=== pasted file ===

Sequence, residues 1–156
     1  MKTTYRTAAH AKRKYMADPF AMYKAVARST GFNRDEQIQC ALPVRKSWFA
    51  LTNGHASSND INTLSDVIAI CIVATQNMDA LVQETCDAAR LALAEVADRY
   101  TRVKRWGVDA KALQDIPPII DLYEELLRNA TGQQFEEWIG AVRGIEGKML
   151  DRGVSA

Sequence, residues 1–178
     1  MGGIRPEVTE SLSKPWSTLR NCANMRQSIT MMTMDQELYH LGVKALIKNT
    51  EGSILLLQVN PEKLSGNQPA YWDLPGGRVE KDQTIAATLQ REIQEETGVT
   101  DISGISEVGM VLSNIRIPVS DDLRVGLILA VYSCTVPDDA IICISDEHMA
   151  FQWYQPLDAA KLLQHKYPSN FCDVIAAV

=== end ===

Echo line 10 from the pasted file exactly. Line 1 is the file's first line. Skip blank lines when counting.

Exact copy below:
   151  FQWYQPLDAA KLLQHKYPSN FCDVIAAV